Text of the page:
On the Facebook group APT I noticed a message from Antonio Pereira and Sławek Klimek-Wojsa about a 3d printable mesh reflector for Helical antenna’s. In this case the design appears to be made to receive HRPT signals around 1700 MHz and results are showing nice Meteor images being received with this antenna , an Nooelec GOES preamp and RTL device directly connected to the antenna, usually hand tracking .
Printer was ready and willing to take, PLA was still around. so I decided to give it a go.
The source for the files is from Thingiverse:
1.7 Ghz HRPT Helicone Antenna by t0nito - Thingiverse which contains a PDF with the instructions too.
Keep in mind that my PrusaSlicer does not automatically corrects bad orientation on the bed nor does it enable support automatically, and my ingorance to read / follow the red warnings after slicing cost me come PLA and some hours of reprinting.
The instructions start with making a round reflector and mounting the Helical before starting to fix the mesh, however I wanted to be able to replace the Helical by any frequency, becasue I want to be able to test 1545, 1700 and 2250 MHz ranges. So I decided to start fixing the mesh without the reflector and after mounting 7 out of 8 from the straight mesh holders I noticed I’d better had mounted the base ring (which is intended to hold those holders…) first. So a short disassembly, after which assembly was a bit easier.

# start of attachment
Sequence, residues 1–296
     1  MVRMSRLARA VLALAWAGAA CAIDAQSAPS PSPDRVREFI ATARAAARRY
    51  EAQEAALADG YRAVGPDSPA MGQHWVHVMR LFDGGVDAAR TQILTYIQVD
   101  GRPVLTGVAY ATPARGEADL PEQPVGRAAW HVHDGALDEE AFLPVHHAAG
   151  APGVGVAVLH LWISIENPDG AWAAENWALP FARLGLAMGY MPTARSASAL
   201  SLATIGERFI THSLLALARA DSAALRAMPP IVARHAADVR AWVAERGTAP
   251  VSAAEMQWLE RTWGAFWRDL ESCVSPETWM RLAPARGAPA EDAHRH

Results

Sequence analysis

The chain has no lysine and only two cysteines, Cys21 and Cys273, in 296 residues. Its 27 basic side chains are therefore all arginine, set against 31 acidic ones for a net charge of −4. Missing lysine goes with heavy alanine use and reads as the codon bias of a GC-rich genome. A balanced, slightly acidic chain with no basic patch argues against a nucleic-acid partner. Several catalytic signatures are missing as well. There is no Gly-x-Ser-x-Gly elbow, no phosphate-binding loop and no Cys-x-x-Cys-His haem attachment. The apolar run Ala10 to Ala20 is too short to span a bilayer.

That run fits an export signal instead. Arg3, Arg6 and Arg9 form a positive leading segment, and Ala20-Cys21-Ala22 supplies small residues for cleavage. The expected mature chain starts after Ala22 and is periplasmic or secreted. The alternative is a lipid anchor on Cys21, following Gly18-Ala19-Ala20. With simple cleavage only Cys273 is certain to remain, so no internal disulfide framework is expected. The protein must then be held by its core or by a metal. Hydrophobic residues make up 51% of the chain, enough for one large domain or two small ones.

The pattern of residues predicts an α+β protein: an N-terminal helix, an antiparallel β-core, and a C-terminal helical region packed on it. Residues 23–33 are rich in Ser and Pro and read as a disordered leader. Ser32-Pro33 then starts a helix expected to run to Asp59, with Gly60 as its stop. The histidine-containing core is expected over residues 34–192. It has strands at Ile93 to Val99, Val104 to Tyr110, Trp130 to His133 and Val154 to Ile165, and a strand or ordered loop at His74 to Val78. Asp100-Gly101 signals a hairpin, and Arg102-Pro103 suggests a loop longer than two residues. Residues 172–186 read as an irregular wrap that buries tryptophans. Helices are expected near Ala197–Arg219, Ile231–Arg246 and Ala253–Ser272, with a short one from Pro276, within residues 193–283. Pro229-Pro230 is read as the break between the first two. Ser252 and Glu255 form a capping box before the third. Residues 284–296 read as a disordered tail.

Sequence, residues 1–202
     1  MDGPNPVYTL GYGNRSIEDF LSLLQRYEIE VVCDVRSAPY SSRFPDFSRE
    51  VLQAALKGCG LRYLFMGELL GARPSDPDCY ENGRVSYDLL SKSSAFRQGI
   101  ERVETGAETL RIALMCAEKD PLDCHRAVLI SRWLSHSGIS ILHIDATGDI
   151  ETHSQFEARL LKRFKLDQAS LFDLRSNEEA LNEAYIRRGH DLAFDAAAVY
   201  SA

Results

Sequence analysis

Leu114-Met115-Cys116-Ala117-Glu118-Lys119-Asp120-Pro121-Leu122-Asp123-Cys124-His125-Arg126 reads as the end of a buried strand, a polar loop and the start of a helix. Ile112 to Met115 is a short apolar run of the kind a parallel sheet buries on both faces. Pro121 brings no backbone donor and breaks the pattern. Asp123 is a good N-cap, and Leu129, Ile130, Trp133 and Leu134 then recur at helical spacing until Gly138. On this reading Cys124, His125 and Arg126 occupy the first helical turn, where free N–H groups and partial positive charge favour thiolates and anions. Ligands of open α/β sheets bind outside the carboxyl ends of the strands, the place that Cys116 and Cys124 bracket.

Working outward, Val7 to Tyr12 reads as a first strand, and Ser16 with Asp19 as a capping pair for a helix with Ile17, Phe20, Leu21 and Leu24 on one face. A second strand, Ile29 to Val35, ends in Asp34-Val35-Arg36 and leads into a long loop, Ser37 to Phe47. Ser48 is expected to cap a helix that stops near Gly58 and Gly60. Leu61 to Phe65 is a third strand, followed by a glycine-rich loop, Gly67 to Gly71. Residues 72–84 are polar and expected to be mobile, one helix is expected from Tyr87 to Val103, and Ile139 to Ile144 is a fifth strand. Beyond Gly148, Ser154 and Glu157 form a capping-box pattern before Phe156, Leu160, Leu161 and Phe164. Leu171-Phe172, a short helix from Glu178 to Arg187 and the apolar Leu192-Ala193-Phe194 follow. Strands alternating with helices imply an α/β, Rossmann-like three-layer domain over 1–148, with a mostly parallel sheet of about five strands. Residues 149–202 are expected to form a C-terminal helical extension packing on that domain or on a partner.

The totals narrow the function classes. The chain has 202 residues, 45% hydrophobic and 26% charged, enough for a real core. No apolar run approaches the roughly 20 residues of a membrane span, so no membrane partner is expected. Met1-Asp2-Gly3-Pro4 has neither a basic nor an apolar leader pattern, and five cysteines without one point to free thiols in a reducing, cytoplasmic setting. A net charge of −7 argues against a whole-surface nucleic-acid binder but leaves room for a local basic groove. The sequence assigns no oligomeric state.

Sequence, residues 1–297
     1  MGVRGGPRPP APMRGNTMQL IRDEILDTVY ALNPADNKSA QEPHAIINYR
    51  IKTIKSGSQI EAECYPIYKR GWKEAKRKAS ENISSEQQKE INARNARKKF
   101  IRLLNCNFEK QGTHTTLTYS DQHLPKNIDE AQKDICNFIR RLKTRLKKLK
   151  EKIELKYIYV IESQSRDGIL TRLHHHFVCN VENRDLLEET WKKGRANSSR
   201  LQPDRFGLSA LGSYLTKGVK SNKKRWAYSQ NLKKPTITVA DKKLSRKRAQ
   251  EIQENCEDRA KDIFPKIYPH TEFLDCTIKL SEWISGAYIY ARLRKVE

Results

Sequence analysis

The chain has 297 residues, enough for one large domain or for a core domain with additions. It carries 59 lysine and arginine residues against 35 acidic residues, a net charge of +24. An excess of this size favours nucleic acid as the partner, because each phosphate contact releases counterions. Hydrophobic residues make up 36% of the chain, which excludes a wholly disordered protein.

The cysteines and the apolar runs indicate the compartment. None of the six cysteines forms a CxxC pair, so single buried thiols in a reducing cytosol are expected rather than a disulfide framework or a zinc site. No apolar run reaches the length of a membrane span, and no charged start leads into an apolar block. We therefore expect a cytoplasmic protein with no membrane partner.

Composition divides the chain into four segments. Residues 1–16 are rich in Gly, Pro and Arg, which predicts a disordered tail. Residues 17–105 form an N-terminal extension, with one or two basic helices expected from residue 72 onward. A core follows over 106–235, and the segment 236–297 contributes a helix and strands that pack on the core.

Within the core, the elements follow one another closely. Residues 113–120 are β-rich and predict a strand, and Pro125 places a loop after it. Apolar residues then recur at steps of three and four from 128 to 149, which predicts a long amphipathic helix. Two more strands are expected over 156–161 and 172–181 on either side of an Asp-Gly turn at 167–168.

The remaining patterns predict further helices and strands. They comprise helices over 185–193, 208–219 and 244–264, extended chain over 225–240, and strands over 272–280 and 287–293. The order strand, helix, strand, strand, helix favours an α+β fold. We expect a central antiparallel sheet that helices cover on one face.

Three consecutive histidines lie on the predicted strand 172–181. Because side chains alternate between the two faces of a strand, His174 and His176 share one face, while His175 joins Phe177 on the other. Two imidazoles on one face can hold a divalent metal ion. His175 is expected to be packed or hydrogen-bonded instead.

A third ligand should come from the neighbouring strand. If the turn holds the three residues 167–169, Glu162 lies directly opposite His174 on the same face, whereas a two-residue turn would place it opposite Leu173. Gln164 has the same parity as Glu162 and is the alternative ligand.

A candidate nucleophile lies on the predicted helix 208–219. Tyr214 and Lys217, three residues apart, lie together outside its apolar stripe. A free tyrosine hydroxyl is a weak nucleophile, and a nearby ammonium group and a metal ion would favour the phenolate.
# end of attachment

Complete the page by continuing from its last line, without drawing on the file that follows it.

The mesh was not to difficult to handle, though when cutting with scissors a lot of sharp points remain. Drawing a circle on the mesh is also a thing, because most of the ink from the permanent marker goes through the holes of the mesh.
I “fixed” the edges of the refelctor / mesh with some flexible tape to prevent the mesh from hurting my feelings.
At the end I noticed that the suggested reflector plate matched the dereksgc printed helical holders, so I could have started with the suggested reflector and helical and simply only replace the helical when I want to experiment with other frequencies.
At this moment the antenna is pointing towards the sky, 1545 RHCP,1545 lna and RTL SDR, to compare it with the 1545 setup outside on the roof, with mechanical bandpass filter , 1545 LNA and RLF SDR .
First results look promising. The waterfall for the cone reflector shows clearly stronger signals, both from geo satellites and from SAR transmitters from weathersats.
I will add some images of the parts / assembly in a reply to this message. Currently printing the holder to have a bit more stable mount